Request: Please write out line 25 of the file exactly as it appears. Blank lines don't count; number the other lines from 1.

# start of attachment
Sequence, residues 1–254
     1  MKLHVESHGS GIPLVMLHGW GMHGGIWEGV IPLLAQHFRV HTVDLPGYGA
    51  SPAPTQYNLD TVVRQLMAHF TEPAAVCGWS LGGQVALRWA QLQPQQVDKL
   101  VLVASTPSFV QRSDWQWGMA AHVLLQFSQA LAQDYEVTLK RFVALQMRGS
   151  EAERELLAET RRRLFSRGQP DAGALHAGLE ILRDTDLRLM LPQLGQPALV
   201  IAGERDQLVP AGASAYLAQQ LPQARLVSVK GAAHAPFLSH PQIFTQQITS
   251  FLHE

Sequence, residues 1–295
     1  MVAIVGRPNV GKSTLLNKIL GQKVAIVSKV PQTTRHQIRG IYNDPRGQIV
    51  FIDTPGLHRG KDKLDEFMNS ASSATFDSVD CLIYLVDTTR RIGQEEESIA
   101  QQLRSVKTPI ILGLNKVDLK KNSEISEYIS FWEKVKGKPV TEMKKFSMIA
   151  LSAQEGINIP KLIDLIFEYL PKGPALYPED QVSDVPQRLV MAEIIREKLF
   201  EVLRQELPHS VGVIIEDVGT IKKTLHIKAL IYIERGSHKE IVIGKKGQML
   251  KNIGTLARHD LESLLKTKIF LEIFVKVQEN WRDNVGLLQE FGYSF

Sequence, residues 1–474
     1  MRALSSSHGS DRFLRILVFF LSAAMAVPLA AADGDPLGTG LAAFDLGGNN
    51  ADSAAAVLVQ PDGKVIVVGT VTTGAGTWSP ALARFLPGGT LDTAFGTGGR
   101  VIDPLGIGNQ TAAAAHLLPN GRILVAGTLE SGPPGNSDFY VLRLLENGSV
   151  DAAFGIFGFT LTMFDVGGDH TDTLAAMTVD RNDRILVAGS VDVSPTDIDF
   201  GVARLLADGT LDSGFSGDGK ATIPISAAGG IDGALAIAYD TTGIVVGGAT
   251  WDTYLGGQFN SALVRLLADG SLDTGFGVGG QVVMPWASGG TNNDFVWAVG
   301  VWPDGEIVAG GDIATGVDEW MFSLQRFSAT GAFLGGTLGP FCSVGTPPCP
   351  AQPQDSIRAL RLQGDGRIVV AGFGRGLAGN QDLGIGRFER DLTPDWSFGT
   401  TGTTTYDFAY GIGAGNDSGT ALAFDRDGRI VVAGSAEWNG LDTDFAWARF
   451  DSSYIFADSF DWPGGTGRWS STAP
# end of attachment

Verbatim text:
   451  DSSYIFADSF DWPGGTGRWS STAP